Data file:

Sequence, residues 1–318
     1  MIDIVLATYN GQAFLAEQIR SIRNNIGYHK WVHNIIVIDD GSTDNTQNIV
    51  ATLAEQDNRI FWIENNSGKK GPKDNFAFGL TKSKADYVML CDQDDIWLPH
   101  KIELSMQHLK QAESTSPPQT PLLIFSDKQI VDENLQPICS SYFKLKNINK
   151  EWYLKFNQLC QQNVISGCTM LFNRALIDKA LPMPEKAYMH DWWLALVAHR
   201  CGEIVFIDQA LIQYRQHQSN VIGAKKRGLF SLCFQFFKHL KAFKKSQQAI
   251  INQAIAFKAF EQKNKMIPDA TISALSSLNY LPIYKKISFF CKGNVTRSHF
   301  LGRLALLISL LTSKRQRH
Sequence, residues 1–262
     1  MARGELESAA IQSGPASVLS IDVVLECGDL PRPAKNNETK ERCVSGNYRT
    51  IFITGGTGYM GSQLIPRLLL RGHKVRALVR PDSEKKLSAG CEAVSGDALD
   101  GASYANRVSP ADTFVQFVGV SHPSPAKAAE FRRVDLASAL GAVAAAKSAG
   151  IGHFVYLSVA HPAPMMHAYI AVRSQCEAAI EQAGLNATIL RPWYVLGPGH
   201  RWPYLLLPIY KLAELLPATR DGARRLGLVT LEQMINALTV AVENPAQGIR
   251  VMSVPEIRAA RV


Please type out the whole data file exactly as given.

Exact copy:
Sequence, residues 1–318
     1  MIDIVLATYN GQAFLAEQIR SIRNNIGYHK WVHNIIVIDD GSTDNTQNIV
    51  ATLAEQDNRI FWIENNSGKK GPKDNFAFGL TKSKADYVML CDQDDIWLPH
   101  KIELSMQHLK QAESTSPPQT PLLIFSDKQI VDENLQPICS SYFKLKNINK
   151  EWYLKFNQLC QQNVISGCTM LFNRALIDKA LPMPEKAYMH DWWLALVAHR
   201  CGEIVFIDQA LIQYRQHQSN VIGAKKRGLF SLCFQFFKHL KAFKKSQQAI
   251  INQAIAFKAF EQKNKMIPDA TISALSSLNY LPIYKKISFF CKGNVTRSHF
   301  LGRLALLISL LTSKRQRH
Sequence, residues 1–262
     1  MARGELESAA IQSGPASVLS IDVVLECGDL PRPAKNNETK ERCVSGNYRT
    51  IFITGGTGYM GSQLIPRLLL RGHKVRALVR PDSEKKLSAG CEAVSGDALD
   101  GASYANRVSP ADTFVQFVGV SHPSPAKAAE FRRVDLASAL GAVAAAKSAG
   151  IGHFVYLSVA HPAPMMHAYI AVRSQCEAAI EQAGLNATIL RPWYVLGPGH
   201  RWPYLLLPIY KLAELLPATR DGARRLGLVT LEQMINALTV AVENPAQGIR
   251  VMSVPEIRAA RV